The social media giant reported a 45% growth in ad sales, or $9.32 billion – a hefty increase from $6.43 billion in the second quarter last year – while shares rose more than 4% to about $173 in after-hours trading, exceeding analyst predictions.

The driving force behind Facebook’s recent growing power is mobile video ads, representing 87% of the entire ad sales in the last quarter and reaching nearly $8 billion.

Calling the results “extraordinary”, Rory Natkiel, head of content at Syzygy, said Facebook’s range of formats and targeting capabilities means it’s “suitable for almost any purpose, from extending the reach of a single blog post to multi-market e-commerce campaigns.”

Meanwhile, relentless work in developing its video offering (Mark Zuckerberg has stated the channel will become a core part of the businesses in the next couple of years) is drawing spend away from traditional ad channels, according to Natkiel.

“We’ve seen clients begin to shift spend away from TV and into Facebook with good, and often better, results so we only expect this growth to continue,” he said.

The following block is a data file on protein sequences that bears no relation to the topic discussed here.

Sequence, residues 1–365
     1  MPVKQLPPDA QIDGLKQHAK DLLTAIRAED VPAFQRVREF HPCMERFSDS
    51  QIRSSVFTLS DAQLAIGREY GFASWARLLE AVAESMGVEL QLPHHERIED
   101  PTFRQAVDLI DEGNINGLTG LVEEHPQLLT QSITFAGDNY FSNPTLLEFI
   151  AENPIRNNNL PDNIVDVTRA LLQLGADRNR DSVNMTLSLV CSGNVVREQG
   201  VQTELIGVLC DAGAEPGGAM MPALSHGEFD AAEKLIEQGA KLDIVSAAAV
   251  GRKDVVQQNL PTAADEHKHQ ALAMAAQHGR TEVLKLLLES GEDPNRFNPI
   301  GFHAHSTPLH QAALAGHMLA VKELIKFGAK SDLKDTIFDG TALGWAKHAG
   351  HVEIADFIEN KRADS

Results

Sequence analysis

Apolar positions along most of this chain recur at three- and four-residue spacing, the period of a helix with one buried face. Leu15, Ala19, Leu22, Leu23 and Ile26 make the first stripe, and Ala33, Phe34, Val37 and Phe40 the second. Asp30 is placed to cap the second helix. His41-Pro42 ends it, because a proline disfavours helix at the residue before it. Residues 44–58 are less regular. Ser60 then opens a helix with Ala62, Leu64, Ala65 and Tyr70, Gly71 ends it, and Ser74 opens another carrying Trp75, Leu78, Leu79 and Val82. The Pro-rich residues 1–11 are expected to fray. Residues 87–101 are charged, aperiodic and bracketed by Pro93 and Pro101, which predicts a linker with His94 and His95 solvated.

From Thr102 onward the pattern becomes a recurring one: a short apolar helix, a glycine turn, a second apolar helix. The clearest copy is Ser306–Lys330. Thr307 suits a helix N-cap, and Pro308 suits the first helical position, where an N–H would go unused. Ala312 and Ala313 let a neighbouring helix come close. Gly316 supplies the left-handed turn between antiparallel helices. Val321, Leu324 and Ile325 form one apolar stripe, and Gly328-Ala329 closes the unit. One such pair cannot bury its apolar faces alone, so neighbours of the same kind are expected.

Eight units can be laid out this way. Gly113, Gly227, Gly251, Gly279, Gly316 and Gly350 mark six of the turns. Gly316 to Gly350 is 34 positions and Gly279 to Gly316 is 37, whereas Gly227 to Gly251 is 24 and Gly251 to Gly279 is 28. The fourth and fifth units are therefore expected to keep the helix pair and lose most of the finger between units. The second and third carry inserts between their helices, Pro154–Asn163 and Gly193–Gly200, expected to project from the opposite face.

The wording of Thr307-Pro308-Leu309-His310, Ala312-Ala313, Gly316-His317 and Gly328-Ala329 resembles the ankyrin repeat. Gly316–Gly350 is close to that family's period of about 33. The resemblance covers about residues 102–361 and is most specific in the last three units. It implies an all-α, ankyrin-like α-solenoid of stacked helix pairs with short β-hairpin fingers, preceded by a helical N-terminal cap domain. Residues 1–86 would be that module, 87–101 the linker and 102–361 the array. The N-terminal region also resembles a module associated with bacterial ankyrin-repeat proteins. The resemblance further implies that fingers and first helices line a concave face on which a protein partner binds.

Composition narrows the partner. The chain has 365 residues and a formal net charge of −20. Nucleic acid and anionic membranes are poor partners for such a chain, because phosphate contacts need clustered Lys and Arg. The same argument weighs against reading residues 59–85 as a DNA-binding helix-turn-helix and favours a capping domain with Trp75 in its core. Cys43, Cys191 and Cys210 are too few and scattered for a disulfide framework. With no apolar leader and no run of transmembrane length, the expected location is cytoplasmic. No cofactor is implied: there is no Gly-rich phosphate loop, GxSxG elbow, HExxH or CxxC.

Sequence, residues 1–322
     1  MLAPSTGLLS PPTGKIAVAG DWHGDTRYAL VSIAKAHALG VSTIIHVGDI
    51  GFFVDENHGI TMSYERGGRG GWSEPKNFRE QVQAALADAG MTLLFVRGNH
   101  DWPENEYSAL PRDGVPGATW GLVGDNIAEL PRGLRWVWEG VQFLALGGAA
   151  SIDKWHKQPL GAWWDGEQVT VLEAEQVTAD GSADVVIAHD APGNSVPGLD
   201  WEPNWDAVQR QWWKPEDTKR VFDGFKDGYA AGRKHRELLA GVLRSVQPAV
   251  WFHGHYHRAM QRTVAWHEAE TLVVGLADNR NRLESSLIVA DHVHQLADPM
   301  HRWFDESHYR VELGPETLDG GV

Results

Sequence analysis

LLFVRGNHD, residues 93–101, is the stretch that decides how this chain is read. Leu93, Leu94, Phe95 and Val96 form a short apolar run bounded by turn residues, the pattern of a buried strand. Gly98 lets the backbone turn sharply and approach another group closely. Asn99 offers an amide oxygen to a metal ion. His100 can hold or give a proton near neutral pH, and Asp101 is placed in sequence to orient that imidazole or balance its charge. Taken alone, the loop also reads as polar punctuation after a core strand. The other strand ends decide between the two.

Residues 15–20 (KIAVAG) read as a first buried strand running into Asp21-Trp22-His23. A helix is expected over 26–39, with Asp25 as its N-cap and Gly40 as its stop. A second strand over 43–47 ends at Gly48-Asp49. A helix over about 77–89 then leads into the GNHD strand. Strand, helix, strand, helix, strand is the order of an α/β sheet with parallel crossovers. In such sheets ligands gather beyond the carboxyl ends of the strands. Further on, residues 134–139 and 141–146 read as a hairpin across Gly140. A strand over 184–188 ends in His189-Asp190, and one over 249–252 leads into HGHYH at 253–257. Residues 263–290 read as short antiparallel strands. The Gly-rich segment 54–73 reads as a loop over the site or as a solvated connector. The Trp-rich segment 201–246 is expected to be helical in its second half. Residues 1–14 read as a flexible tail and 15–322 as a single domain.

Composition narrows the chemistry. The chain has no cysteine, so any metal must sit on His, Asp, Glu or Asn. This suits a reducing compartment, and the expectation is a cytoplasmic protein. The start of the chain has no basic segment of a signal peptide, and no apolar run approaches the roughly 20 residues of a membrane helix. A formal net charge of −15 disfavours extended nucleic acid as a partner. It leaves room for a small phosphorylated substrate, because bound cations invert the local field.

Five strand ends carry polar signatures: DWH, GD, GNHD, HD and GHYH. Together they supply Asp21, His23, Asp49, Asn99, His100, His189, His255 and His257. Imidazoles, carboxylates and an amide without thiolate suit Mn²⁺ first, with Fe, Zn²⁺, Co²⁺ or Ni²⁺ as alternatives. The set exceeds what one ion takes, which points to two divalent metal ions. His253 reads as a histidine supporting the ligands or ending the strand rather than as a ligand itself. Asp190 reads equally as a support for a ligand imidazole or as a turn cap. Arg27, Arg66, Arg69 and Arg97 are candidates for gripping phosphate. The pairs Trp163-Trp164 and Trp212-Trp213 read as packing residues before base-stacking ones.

Relentless growth

Sebastian Redenz, director of Biddable Activation, doesn’t expect the Q2 numbers to dampen much in the third quarter as Facebook’s array of ad solutions continue to “demonstrate their value”, adding that the company has moved away from “a fluffy engagement platform reporting on Likes and Fans to a full funnel media owner reporting on ad recall and sales revenues”.

Despite the record $173 share price, Redenz sees this closer to $200 in the near future, “perhaps as soon as the end of the year as the digital advertising complex solidifies a duopoly of Google and Facebook.”

In addition to ad revenue from Facebook, with a user base now reaching 700 million, Instagram is starting to have a significant impact on the quarterlies as it continues to muscle out competitors on the market.

“Instagram is emerging as the rising star here, usurping ad spend from Twitter, and becoming the fastest growing social network, winning the war on Stories and putting Snapchat’s growth to sleep ever since,” he explained.

Redenz also noted that the integration of measurement partners such as Nielsen and Millward Brown to demonstrate effectiveness turned out to be a “successful tactical move” which gives advertisers renewed confidence following issues with measurement earlier in the year.